Jim, I think Richard’s point is that this is just the latest example of what I’ve been calling “social ego massage rather than social action.” If this had happened 20 years ago, probably even ten years ago, people would be helping with their wallets; a week after the disaster, there’d be an organised way for (mostly young or idealistic) volunteers to get from North America or Europe over to Japan and put them to work doing something useful, all cheered on by the worldwide (admittedly corporate then as now) media who don’t let a day go by without reminding people what they can do that will really, materially, help.

    Now? Badges on Facebook, and people knowingly delude themselves into thinking they’ve accomplished something useful.

    To the other Americans reading this: How many of you knew someone affected by Katrina? Now, imagine a Katrina-style disaster that laid waste to not just Louisiana, but Mississippi, Alabama, Missouri, Arkansas, Georgia and Florida north of Tampa as well. What would you do about that? Proportionally, that’s not too far off what’s happened to Japan.

    Of course, the fans of a certain “we report…” “news” network would clamour for the Government to “do something about it,” and savage any reasonably progressive Administration that failed to flip a magic switch and make the problem “all better.” Thank $DEITY the Japanese are more practical, not to mention honest with themselves.

  4. I am sorry that nun-teacher in the elementary school was so harsh on you. I’ll pray for power for you to forgive her.

    • rich

      Praying is just magical thinking. It’s self-delusionary. Someone has to come out and say this, because I see a lot of people kidding themselves and a lot of other people not saying anything about how silly the whole thing is.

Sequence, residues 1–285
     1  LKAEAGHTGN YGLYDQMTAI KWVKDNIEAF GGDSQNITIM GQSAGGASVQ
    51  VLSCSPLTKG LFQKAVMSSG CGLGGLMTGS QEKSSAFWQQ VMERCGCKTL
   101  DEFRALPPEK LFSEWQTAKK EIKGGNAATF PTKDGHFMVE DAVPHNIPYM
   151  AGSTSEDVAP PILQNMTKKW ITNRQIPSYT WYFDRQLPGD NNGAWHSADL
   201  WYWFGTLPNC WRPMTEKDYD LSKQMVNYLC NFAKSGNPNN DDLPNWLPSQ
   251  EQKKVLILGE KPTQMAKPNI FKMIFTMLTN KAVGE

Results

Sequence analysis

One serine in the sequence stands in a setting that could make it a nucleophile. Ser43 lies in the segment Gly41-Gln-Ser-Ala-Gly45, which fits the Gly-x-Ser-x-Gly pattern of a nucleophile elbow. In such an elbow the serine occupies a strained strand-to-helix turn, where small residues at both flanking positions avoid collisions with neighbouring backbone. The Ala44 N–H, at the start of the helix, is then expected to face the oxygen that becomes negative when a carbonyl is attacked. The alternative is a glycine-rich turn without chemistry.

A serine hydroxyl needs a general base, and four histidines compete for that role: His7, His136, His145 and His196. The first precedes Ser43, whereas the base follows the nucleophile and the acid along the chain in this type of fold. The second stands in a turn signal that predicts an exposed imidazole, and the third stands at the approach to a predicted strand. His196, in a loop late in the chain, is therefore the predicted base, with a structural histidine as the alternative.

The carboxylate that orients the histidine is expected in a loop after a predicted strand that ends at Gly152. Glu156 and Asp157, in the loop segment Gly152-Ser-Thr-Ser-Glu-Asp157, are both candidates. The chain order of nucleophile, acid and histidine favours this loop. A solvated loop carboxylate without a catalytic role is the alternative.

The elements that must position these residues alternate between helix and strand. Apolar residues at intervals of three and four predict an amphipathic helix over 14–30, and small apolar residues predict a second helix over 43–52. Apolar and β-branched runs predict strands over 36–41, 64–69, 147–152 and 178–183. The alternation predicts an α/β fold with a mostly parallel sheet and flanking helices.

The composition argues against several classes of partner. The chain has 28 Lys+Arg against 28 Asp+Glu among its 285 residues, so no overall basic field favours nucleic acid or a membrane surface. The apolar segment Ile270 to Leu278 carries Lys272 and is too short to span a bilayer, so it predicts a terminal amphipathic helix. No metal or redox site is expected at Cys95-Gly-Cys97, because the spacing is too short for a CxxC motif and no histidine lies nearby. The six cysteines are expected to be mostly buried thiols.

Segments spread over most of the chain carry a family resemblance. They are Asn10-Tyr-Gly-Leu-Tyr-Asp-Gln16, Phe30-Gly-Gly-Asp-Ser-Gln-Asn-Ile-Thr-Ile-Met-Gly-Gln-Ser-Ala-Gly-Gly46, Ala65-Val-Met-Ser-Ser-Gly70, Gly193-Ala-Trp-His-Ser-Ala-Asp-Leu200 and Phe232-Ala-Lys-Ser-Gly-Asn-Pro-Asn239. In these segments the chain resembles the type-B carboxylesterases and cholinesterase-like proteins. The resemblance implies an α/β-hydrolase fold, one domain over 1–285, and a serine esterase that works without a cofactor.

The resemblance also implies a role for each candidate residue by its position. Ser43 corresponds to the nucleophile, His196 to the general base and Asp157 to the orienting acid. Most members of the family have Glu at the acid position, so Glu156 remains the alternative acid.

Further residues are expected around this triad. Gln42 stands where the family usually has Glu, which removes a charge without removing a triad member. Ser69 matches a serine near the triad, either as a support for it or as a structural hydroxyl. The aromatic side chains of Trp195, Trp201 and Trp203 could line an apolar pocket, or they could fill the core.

Let’s instead speak up for reason.

      • And? Why are you bothered that other people believe (and act based on such belief) something different than you? And let me tell you I am speaking to you from one of the most rational and atheist countries in Europe (which I guess means most atheist in whole world). It really made us happy and wise.

      • rich

        If you sincerely believe that the human race is run by lizards, and you never tell anyone about that belief, then no one would ever find out.

        If you told everyone about it, that would rightly be considered delusional. People might wonder about your other judgements and whether you were right in the head. If you forced children to believe in it, that would be abusive.

        Normally I’m pretty mild-mannered about people believing in nonsense, but right now I fear that enlightenment and reason are actually under threat (in the western world anyhow). We should stand up for Reason and stand against mumbo-jumbo. That’s what I’m doing here. Take a stand and say that praying won’t make a difference. Gold standard experiments have shown there is no effect (not even placebo). There is no statistical evidence for it. Don’t pussy-foot around the issue with people who are forcing nonsense down everyone’s throats.

  5. Martin

    The public usage of God in the USA gives me a feeling of Iran.

    I am a Norwegian. Some years ago we had a priest as a prime minister. Not even he mentioned God during his political work. Mentioning God once might be doable, but doing it several times is likely to start a public debate than can end the political career.

    A lot of people in the USA seems to believe that they can care less about mostly everything as long as they pray. “Not my problem! I have prayed!”

  6. Yes, that’s the difference between us (BTW, do you have broken blogging software, or you really disallow me to reply you in the thread?). Although I believe that the Enlightenment was necessary step up, I also believe that it brought us as a side effect the biggest disasters in the world history (Nazism and Communism … with both of which I have a personal experience of various kind).

    However, that is not the point. The point IMHO is that decent people should be able to tolerate differences in their opinions without calling each other idiots, and their actions (without further proof) stupid and bad.